Open Access

Extravasation into brain and subsequent spread beyond the ischemic core of a magnetic resonance contrast agent following a step-down infusion protocol in acute cerebral ischemia

  • Tavarekere N Nagaraja1Email author,
  • Kelly A Keenan1,
  • Madhava P Aryal2, 5,
  • James R Ewing2, 3, 4,
  • Saarang Gopinath1,
  • Varun S Nadig1,
  • Sukruth Shashikumar1 and
  • Robert A Knight2, 3
Fluids and Barriers of the CNS201411:21

https://doi.org/10.1186/2045-8118-11-21

Received: 8 July 2014

Accepted: 19 September 2014

Published: 23 September 2014

Abstract

Background

Limiting expansion of the ischemic core lesion by reinstating blood flow and protecting the penumbral cells is a priority in acute stroke treatment. However, at present, methods are not available for effective drug delivery to the ischemic penumbra. To address these issues this study compared the extravasation and subsequent interstitial spread of a magnetic resonance contrast agent (MRCA) beyond the ischemic core into the surrounding brain in a rat model of ischemia-reperfusion for bolus injection and step-down infusion (SDI) protocols.

Methods

Male Wistar rats underwent middle cerebral artery (MCA) occlusion for 3 h followed by reperfusion. Perfusion-diffusion mismatched regions indicating the extent of spread were identified by measuring cerebral blood flow (CBF) deficits by arterial spin-labeled magnetic resonance imaging and the extent of the ischemic core by mapping the apparent diffusion coefficient (ADC) of water with diffusion-weighted imaging. Vascular injury was assessed via MRCA, gadolinium-diethylenetriaminepentaacetic acid (Gd-DTPA) penetration, by Look-Locker T1-weighted MR imaging after either a bolus injection (n = 8) or SDI (n = 6). Spatial and temporal expansion of the MRCA front during a 25 min imaging period was measured from images obtained at 2.5 min intervals.

Results

The mean ADC lesion was 20 ± 7% of the hemispheric area whereas the CBF deficit area was 60 ± 16%, with the difference between the areas suggesting the possible presence of a penumbra. The bolus injection led to MRCA enhancement with an area that initially spread into the ischemic core and then diminished over time. The SDI produced a gradual increase in the area of MRCA enhancement that slowly enlarged to occupy the core, eventually expanded beyond it into the surrounding tissue and then plateaued. The integrated area from SDI extravasation was significantly larger than that for the bolus (p = 0.03). The total number of pixels covered by the SDI at its maximum was significantly larger than the pixels covered by bolus maximum (p = 0.05).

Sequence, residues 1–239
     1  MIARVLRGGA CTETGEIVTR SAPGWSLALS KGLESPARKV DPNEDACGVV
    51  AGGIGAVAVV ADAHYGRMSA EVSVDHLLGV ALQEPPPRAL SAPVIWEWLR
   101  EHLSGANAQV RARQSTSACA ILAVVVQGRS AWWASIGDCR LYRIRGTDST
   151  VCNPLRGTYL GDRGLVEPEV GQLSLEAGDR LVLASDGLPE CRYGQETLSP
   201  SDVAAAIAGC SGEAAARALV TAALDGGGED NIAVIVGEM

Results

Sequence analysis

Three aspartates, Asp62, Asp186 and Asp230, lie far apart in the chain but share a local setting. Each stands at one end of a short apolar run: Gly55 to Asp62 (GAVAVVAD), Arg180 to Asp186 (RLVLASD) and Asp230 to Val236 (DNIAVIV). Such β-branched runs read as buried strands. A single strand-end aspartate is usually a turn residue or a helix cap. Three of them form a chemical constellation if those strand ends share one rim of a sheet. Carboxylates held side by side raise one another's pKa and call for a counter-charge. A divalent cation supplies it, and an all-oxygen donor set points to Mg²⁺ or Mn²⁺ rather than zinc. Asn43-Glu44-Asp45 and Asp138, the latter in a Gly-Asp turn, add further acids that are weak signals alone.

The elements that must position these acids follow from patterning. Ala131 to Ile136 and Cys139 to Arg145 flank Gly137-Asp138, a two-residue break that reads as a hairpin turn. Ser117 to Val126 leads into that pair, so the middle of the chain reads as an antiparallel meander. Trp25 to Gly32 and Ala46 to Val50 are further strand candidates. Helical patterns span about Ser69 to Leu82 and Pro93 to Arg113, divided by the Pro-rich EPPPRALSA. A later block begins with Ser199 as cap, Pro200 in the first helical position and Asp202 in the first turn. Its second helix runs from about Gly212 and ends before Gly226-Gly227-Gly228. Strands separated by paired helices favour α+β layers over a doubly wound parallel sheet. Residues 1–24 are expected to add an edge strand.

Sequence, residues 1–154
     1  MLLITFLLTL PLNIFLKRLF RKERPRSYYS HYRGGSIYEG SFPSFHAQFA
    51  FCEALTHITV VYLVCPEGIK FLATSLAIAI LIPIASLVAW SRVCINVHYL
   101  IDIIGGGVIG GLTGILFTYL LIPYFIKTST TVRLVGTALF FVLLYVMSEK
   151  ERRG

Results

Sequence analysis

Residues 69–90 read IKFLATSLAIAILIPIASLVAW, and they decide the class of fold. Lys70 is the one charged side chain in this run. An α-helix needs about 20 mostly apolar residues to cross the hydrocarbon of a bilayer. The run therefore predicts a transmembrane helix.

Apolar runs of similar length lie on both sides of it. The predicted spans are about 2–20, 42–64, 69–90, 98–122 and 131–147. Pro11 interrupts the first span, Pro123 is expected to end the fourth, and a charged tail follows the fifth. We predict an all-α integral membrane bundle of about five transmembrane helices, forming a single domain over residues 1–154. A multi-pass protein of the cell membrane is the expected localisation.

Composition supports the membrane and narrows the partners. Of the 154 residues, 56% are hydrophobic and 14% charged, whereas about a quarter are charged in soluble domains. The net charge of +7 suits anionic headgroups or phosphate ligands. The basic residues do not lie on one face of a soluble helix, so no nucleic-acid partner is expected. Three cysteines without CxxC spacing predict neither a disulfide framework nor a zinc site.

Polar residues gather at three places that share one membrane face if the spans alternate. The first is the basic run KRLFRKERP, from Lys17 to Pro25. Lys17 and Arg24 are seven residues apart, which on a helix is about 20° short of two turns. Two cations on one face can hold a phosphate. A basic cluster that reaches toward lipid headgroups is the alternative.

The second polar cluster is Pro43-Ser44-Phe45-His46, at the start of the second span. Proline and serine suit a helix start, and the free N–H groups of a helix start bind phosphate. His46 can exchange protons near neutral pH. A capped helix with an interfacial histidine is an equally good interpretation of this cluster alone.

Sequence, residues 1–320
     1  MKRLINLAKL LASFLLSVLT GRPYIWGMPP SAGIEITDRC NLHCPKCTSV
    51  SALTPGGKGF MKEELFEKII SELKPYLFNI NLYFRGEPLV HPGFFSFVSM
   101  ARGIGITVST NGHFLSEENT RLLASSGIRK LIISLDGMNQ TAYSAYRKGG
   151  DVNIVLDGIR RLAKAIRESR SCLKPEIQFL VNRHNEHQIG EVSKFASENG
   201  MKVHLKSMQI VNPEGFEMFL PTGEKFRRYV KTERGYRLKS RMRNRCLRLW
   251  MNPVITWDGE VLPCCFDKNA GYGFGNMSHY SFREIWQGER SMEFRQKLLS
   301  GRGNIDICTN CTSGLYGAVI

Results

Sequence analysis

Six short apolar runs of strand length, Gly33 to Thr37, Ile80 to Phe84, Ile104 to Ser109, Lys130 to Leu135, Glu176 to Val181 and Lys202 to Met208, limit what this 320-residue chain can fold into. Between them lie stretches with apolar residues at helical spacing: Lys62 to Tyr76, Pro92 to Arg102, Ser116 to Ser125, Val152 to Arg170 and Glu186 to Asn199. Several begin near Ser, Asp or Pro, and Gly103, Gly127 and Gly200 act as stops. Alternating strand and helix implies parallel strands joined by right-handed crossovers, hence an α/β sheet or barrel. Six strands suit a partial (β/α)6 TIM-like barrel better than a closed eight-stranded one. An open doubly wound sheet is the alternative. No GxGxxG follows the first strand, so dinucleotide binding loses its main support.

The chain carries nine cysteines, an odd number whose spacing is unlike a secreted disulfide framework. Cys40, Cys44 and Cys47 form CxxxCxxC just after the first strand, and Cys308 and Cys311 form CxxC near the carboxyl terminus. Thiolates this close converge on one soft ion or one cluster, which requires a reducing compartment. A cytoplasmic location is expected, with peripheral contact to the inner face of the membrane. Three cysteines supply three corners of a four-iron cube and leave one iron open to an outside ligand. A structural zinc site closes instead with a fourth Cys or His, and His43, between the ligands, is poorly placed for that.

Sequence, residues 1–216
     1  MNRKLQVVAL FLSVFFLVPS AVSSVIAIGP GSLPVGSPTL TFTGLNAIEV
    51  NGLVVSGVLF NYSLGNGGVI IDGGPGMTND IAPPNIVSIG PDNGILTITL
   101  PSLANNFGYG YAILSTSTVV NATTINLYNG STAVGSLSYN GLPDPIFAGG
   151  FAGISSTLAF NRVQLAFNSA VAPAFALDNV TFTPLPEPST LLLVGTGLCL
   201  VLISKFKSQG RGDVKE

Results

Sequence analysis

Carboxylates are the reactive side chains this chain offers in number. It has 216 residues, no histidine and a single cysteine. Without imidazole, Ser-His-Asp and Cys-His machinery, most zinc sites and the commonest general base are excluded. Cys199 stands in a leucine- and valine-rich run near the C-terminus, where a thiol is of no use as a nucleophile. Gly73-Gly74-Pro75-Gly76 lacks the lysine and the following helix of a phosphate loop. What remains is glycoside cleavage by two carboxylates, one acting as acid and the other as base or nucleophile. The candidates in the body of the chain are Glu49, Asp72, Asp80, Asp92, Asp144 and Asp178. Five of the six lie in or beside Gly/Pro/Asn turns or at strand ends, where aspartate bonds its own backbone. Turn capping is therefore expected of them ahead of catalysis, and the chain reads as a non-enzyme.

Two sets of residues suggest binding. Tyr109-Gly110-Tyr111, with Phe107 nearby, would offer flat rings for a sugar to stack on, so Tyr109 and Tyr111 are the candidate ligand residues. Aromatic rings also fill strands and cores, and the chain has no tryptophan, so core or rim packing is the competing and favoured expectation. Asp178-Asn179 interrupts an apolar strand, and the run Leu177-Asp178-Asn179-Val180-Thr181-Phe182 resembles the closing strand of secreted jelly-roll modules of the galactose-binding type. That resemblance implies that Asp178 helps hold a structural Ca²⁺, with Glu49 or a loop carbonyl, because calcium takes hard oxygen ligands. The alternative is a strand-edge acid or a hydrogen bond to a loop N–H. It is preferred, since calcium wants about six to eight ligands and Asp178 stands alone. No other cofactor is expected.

Conclusions

These results demonstrate that the SDI protocol resulted in a spread of the MRCA beyond the ischemic core. Whether plasma-borne acute stroke therapeutics can be delivered to the ischemic penumbra in a similar way needs to be investigated.

Keywords

Blood–brain barrier Brain drug delivery Penumbra Perfusion-diffusion mismatch Stroke

Background

Preserving the penumbra, the potentially salvageable area of brain tissue adjacent to an infarct core, is a primary objective following cerebral ischemia [13]. If successful, it can counter the expansion of the irreversibly damaged core and conserve penumbral cells for subsequent restorative and rehabilitative therapeutic interventions. Ways to achieve this are to reperfuse the ischemic tissue as quickly as possible and to deliver drugs that can enable the penumbral cells to withstand less than optimal conditions until a favorable milieu is re-established [4]. While approaches to initiate reperfusion including thrombolysis and mechanical clot retrieval are available, the delivery of therapeutics necessary for cell survival has proven difficult [5, 6].

A major obstacle to brain drug delivery is the presence of a highly selective blood–brain barrier (BBB) [7]. Attempts have been made to overcome this obstacle by transiently opening the BBB via infusion of hyperosmotic mannitol [8], focused ultrasound [9, 10] and ultrashort pulsed laser [11]. However, several brain pathologies including stroke, result in BBB opening [1214] and evidence exists that this opening can be transient in acute stroke [15, 16]. Post-stroke BBB opening results in extravasation of plasma-borne water and proteins into the brain [15, 17] and their uptake by damaged or apoptotic cells in the vicinity [18, 19]. Thus, it seems reasonable to assume that stroke-induced acute BBB opening, while being part of the pathology, may also be a potential conduit for the passage of therapeutics into the damaged brain. However, how to best use this route to preserve the penumbra has received relatively little attention.